Various - Multiple Personalities (Sonic Dragon)

review

Author: Damion
Date: Sep 15, 2005
Views: 2265

Date: Sep 15, 2005
Text: Damion
Taken from: www.psyreviews.com
Vote: 5/10

Various
Multiple Personalities
Sonic Dragon (Australia)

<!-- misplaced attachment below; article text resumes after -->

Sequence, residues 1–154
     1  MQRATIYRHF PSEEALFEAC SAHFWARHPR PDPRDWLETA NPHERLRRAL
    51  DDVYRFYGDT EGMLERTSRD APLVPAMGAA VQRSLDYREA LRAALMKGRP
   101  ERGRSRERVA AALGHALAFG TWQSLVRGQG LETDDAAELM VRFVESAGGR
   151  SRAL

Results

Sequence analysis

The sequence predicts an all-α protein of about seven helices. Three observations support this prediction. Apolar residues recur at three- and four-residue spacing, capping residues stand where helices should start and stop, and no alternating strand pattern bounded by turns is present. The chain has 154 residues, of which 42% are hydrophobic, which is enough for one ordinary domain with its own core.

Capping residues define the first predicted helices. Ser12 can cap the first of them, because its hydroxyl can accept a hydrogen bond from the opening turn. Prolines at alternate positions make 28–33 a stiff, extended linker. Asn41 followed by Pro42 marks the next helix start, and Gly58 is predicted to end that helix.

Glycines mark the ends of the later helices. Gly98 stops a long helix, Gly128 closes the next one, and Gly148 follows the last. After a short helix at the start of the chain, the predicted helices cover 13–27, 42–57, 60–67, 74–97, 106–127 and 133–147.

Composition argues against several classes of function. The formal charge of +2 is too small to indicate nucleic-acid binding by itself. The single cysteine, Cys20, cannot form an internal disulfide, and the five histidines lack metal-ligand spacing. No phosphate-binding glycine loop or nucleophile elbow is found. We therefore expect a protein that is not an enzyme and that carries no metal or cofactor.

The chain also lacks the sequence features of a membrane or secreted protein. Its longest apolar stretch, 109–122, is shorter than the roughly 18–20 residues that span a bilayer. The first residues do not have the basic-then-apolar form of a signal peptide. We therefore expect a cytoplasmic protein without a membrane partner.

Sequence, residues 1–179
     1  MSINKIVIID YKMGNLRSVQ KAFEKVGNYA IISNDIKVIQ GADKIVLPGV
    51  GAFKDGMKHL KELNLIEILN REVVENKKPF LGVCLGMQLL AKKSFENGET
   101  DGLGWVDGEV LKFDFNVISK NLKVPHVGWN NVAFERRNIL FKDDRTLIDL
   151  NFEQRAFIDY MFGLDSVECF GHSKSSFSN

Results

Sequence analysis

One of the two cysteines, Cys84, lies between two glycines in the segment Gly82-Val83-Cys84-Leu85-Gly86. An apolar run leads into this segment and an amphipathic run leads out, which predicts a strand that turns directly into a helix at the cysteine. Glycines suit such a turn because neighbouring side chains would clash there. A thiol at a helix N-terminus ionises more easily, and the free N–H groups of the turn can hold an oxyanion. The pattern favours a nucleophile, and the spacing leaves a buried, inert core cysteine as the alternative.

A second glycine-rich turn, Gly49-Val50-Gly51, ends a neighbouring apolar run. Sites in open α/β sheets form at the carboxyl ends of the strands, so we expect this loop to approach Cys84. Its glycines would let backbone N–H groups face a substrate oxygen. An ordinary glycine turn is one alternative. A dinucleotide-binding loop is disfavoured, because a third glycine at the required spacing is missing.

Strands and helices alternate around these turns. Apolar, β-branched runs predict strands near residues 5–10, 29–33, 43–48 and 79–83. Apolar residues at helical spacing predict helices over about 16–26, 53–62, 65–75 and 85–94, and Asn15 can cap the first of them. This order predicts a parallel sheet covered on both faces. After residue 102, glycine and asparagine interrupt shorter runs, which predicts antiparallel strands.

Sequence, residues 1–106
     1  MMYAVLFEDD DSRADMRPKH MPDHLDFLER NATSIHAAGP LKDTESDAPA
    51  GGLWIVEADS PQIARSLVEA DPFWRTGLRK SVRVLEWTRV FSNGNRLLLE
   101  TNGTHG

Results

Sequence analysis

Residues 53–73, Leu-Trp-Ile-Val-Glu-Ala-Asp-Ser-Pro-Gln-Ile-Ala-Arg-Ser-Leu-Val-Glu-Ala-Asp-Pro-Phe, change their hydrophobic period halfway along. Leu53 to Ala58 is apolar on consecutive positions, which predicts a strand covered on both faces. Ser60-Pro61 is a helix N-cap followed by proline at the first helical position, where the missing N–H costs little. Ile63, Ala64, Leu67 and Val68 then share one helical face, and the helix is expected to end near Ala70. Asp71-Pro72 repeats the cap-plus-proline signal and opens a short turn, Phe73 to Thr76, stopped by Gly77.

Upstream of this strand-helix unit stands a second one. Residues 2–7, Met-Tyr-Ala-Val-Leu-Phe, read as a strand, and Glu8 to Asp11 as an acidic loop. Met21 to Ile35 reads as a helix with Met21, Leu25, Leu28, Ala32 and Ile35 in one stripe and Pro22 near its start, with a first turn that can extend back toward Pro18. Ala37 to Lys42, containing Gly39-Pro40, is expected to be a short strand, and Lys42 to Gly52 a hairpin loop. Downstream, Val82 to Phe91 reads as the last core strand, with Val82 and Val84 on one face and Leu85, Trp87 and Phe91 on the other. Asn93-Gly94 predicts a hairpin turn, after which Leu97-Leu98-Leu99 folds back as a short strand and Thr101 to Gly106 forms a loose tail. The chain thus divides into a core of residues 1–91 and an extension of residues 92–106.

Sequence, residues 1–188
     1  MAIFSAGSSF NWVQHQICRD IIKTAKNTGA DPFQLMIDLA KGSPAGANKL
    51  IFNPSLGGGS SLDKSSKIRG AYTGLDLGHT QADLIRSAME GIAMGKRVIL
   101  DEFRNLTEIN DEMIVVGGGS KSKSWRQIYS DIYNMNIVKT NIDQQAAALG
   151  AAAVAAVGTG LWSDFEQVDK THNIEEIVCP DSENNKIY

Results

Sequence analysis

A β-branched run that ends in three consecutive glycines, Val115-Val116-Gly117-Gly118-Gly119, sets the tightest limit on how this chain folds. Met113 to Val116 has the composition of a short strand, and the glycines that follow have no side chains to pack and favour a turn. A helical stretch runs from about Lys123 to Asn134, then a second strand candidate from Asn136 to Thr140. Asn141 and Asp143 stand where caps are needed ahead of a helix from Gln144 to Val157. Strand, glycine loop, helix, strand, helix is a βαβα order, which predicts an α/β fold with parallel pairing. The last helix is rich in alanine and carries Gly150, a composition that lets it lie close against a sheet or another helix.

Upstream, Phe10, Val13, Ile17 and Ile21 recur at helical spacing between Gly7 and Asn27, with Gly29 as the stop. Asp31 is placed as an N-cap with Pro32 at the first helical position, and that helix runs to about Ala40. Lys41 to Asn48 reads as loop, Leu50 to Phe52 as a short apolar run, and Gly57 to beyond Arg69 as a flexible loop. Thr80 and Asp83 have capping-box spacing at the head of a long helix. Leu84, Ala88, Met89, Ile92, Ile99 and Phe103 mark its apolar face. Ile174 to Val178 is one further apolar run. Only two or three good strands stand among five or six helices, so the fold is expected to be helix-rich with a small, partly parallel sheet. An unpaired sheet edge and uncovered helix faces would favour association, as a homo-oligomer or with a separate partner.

Dark psy, as a genre, has got to be a bit careful. While a lot of the most innovative, - and certainly psychedelic - sounds of the last twelve months have been within this style, the number of releases is increasing. And as we’ve seen elsewhere, that means that the quality goes down. Multiple Personalities is a game of two halves: in places it’s really nothing to get excited about, and at other times it’s tear-streamingly incredible. Terminator vs CPC’s Mosgortrans is messy, it’s big and thunky and just seems to pound at you. I know that’s kind of the idea, but it lacks the comedy, funk or sheer yumminess that this genre’s high-watermark reaches and, in the humble opinion of psyreviews, is needed to counterbalance the mental-ness. Paranoise vs Claw’s Vampire Legend is similarly frenetic, and for my money still seems to lack a little soul. The breakdown gives it a nice stutter, but once it’s thrown back into the madness again, it’s all forgotten. Xenomorph vs Xenomorph (really) does (do?) well with Schizoid Transpersonal Progressions, kicking off with the sound of someone snorting a line then gradually picking up more and more attitudey, funk-meets-thunk gnarl and creating a very nice, expansive sound. The break’s twisted and semi-comical, and when it dives into mania once again it’s a sheer joy. Procs vs Captain Ifan’s We Are Closed is incredibly caustic, chaotic stuff. Evidently an achievement in sequencer overloading, it’s an example of more is less I’m afraid. Dejan vs Jellyheadz’ Freakin Six Pack! is tasty, lots of humour evident here and the main riffs are pure shitkicking. Mubali and Ocelot’s Mood Swinger has a great progression to it, flogging and pegging and generally moving very nicely indeed. The half-melodies here are particularly impressive, making for a very psychedelic array of sounds. And then things start to get very, very good indeed. Sequipa vs Baphomet Engine’s Multiple Personalities is sheer class, one of those tunes you can’t stop listening to. The groove is frenetic but not too mash-ya-brain-in, and the topend seems to smooth off the edges of the thunking bass and kick. Some great vocal samples come in and are used like percussion to make for a very psychedelic, shifting moment. On a dancefloor and under the right “mental conditions,” you’d not be able to tell if the sounds were on the record or in your head. Not to mention its main run, which is sheer knees in the air madness. Quasar vs Dylalien’s Alien Together Now is another goodun, with screamingly good sounds all over the place (feedback, cowboy noises, grates, clatters, and god knows what else) and more wrong turns than your girlfriend trying to drive through London (and just about as hilarious). Finally Kulu vs Strangers pop up with Unbelievable, which once again seems to be going through the darkpsy motions: where’s the soul? At the end of the day the highlights here only begin to forgive the lowlights. It’s definitely an album with only a couple of tracks you’ll return to, and its weaker tracks really do sum up this style’s shortcomings.

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